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Tim Callan is vice president for SSL product marketing at VeriSign, a Mountain View, CA-based company engaged in “intelligent infrastructure.” It operates a diverse array of network infrastructure, including two of the Internet’s thirteen root nameservers, the generic top-level domains for .com and .net, one of the largest SS7 signaling networks in North America, the RFID directory for EPCGlobal and a variety of security and telecom services.

Callan ensures the effectiveness of customer outreach for all aspects of VeriSign’s SSL business. The company says his frequent contact with customers, technologists and industry insiders “leaves him uniquely positioned to view and comment on the cutting edge of industry and technology trends with an eye to the customer’s perspective.” In his spare time, Callan is an award-winning author of short fiction and a festival-screened independent filmmaker. In the second of a two-part interview, GlobeSt.com asks Callan about some of the potential risks computer users can encounter online.

GlobeSt.com: What risks can employees inadvertently create for a company, such as surfing to fraud sites during their lunch hours?

Callan: Employees can bring a variety of risks into the organization. Two of these risks which are on the rise are malware attacks and spear phishing. Malware is a word that means any sort of software that was specifically designed to engage in malicious or criminal activity on a consumer’s system. Often fraud sites will try to trick visitors into allowing the site to install malware. These sites usually present to be legitimate businesses such as online greeting card sites and then ask the visitor to install some kind of “update” in order to see new content. This software is not what it claims to be at all but rather a piece of malicious code such as a “key-logger”–a software application that tracks all your online activity including passwords and credit card numbers and sends this information off to the criminal who operates it.

Another activity on the rise is called “spear phishing.” Spear phishing is the activity where a fraudster specifically targets the members of a certain organization (such as a company or a network of industry professionals) and pretends to be a legitimate member or partner of this organization in order to fool members into giving away information that the fraudster can then use for illegal personal gain. Spear phishers might be seeking to steal critical company information or they may be trying to fool employees into revealing access information that they can then use to enter secure networks or even steal funds directly.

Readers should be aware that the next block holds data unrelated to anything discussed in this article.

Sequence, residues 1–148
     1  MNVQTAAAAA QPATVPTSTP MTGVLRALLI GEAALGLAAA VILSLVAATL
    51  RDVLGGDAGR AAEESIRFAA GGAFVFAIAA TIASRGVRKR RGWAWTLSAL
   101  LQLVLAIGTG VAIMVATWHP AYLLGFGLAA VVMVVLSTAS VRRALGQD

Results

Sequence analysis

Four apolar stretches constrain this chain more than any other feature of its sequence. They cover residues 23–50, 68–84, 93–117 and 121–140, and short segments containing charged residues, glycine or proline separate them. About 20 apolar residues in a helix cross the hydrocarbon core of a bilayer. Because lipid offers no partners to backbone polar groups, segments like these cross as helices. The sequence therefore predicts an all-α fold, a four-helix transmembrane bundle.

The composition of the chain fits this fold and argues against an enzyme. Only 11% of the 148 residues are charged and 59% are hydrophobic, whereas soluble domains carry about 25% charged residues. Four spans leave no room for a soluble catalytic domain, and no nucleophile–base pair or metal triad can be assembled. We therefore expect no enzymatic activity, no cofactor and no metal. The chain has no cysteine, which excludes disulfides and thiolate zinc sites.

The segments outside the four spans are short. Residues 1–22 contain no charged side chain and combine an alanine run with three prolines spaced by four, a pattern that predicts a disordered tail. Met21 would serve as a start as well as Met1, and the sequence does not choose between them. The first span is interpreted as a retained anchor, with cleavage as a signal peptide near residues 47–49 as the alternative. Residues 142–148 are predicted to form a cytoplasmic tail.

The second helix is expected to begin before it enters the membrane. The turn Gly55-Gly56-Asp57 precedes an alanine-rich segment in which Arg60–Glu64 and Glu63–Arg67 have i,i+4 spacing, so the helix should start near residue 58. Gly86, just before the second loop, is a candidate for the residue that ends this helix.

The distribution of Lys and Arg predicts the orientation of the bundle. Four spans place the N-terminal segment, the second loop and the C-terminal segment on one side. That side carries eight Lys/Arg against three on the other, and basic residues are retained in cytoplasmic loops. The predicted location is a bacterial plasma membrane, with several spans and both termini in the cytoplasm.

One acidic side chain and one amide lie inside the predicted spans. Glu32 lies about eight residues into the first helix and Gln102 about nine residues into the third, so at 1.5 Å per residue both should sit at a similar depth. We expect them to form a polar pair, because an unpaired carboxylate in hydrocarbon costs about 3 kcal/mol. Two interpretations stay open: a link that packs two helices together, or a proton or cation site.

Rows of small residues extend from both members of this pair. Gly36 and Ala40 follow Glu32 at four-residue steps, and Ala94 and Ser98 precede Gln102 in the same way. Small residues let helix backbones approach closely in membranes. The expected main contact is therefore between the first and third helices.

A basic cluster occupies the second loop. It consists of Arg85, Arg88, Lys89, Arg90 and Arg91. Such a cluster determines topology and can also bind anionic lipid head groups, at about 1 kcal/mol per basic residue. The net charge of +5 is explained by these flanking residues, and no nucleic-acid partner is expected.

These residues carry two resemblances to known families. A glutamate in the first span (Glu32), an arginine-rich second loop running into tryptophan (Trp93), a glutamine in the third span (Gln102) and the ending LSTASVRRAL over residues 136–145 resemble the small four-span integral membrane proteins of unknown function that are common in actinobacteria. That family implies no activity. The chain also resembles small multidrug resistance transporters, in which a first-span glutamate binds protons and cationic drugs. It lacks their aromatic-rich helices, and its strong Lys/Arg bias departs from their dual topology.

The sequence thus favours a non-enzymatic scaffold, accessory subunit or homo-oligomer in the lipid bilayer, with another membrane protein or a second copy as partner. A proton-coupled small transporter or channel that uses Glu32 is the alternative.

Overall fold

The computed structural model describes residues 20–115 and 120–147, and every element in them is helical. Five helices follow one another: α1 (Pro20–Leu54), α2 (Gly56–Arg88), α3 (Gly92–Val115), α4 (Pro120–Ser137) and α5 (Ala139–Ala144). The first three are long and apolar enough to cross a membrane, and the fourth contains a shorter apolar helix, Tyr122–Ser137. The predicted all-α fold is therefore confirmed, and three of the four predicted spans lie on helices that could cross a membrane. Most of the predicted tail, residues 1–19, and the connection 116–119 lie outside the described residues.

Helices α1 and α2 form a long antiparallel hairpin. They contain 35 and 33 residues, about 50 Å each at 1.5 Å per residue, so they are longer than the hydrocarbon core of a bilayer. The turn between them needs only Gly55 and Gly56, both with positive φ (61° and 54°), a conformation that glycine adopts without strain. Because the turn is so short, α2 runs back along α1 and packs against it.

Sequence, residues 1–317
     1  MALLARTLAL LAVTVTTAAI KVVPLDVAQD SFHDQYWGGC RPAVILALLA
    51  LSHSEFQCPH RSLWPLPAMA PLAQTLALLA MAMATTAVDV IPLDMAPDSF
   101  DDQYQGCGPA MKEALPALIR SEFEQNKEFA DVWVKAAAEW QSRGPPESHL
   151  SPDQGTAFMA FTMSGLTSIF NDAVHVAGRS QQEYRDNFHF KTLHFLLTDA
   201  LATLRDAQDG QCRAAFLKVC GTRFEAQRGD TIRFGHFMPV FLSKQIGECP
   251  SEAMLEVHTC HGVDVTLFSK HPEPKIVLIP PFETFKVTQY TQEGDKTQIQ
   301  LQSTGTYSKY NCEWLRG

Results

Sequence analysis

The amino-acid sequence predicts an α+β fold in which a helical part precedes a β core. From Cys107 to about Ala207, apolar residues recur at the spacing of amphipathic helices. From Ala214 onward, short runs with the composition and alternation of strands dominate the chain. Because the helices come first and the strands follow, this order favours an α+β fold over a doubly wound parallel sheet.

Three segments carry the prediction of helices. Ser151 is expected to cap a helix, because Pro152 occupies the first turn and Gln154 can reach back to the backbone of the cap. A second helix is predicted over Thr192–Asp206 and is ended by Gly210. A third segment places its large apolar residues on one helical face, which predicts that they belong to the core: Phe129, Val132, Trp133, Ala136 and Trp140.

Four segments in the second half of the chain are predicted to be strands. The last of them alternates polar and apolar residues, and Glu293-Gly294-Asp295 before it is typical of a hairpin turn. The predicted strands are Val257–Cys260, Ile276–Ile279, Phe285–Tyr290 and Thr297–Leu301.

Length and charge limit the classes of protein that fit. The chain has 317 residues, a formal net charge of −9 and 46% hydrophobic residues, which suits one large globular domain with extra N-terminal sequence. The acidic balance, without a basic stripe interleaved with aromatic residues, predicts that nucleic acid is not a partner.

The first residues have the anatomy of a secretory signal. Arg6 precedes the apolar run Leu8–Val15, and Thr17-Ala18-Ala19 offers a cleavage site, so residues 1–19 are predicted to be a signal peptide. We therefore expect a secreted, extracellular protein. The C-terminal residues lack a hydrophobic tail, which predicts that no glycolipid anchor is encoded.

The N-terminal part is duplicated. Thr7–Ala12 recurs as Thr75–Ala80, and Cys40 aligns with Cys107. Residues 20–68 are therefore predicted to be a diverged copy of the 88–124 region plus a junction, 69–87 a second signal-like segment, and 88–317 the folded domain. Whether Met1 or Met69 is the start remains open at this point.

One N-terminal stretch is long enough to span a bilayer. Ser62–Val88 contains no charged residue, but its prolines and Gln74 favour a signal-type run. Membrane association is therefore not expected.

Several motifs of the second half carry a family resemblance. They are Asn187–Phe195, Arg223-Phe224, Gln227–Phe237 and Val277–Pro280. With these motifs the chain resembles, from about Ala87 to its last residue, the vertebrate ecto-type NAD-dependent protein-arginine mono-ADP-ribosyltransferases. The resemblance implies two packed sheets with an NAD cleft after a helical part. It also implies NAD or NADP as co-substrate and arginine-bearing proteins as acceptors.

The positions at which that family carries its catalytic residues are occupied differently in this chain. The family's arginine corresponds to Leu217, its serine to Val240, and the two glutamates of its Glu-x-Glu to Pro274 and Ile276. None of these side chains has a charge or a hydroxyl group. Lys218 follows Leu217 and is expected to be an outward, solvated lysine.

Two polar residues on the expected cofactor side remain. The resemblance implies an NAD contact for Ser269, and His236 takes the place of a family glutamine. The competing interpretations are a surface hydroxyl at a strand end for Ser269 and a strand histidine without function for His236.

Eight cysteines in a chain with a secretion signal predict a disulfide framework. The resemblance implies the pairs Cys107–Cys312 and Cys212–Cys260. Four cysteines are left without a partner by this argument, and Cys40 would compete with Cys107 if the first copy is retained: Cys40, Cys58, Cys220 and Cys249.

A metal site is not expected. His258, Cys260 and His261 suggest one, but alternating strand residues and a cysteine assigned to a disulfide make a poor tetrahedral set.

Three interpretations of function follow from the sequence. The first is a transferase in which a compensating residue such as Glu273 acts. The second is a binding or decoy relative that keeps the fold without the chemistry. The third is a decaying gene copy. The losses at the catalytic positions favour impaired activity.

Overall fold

GlobeSt.com: You say it’s important to take advantage of authentication credentials such as tokens for sensitive accounts like banking, health care information, and securities trading. Many users describe these to me as nuisances, probably because they don’t understand their function. How do these things protect the user?

Callan: With VIP, online users are needed to enter a unique 6-digit security code (Which changes every 30 seconds or so) each time they log in to sensitive accounts such as banking, healthcare etc. The 6-digit security code or one-time password is generated by a device carried by the user such as a token, credit card sized, mobile phone, etc.; and the code is entered after the user enters the username and password. Since we are now combining a username and password with an OTP generated by the device or credential carried by you, the account is much more secure. For example; even if someone steals your username and password, he/she will be unable to enter your sensitive account because they will not have the OTP. This makes the account more secure and protects the identities of the user. It is important to make the security solution easy-to-use and convenient for the user so that they adopt the extra security. With VIP and its Network approach, we are striving to make it easy and convenient for the user since the consumer can use the same credential across multiple sites. The Web user experience is entirely with the control of the business offering 2FA and so there is no adverse effect on the user experience.

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